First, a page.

Difference between 1080i and 1080p: same solution,different things


There still seems to be some confusion about the difference between 1080i and 1080p. Both are 1,920x1,080-pixel resolution. Both have 2,073,600 pixels. From one perspective, 1080i is actually greater than Blu-ray. And, you can't even get a full 1080p/60 source other than a PC, camcorder, or some still cameras that shoot video.

True, 1080i and 1080p aren't the same thing, but they are the same resolution.

The 1080i designation is 1,920x1,080 pixels, running at 30 frames per second. This is what CBS, NBC, and just about every other broadcaster uses. The math is actually pretty simple: 1080 at 30fps is the same amount of data as 720 at 60 (or at least, close enough for what we're talking about).

Yes, what about it? Your 1080p TV accepts many different resolutions, and converts them all to 1,920x1,080 pixels. For most sources, this is from a process known as upconversion.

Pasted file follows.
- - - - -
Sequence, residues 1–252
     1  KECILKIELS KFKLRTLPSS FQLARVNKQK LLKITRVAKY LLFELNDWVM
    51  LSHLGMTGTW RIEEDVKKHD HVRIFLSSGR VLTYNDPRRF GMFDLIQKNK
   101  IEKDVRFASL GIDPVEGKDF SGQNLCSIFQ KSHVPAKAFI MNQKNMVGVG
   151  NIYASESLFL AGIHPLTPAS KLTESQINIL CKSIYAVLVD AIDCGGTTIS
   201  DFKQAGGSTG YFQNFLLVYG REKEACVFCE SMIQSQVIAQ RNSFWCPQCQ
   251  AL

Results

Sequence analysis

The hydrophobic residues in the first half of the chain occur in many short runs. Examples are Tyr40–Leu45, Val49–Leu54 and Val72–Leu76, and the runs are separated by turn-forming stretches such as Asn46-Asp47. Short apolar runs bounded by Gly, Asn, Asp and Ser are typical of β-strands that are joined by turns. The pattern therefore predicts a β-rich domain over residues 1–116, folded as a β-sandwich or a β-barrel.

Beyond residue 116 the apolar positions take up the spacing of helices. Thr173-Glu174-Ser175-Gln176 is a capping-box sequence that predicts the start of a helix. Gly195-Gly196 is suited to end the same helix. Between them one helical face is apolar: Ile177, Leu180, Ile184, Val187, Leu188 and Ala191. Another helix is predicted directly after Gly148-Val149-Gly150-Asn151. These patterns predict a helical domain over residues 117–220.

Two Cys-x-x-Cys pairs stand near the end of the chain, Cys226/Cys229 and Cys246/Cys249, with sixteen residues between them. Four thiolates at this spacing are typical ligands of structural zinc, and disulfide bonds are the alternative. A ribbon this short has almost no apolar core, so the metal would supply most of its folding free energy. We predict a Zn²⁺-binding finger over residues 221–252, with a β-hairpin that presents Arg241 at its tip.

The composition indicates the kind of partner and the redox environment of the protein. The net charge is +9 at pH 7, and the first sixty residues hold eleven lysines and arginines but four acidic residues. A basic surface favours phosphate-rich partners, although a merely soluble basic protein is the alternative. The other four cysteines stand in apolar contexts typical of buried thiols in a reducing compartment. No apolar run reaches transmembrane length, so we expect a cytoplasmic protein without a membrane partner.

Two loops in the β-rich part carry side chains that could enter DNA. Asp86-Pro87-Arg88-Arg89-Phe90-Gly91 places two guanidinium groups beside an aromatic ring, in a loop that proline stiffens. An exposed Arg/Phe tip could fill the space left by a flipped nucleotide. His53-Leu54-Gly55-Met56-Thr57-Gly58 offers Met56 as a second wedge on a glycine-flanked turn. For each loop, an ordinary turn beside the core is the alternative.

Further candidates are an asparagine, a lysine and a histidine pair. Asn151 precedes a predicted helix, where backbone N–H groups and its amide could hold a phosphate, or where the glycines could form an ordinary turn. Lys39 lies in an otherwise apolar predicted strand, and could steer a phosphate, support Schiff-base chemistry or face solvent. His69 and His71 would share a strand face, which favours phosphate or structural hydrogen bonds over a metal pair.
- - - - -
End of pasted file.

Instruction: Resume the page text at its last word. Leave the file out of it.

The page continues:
When your TV is sent a 1080i signal, however, a different process occurs: deinterlacing. This is when the TV combines the two fields into frames. If it's done right, the TV repeats each full frame to create 60 "fps" from the original 30.

If it's done wrong, the TV instead takes each field, and just doubles the information. So you're actually getting 1,920x540p. Many early 1080p HDTVs did this, but pretty much no modern one does. In a TV review, this is the main thing we're checking when we test deinterlacing prowess.


Bottom line
While 1080i and 1080p have the same number of pixels, they do have different frame rates (and one is interlaced). The reality is, other than PC games, there isn't any commercially available "real" 1080p content. It's either 1080i content deinterlaced by your TV, 1080p/24 content from Blu-ray, or upconverted content from console games.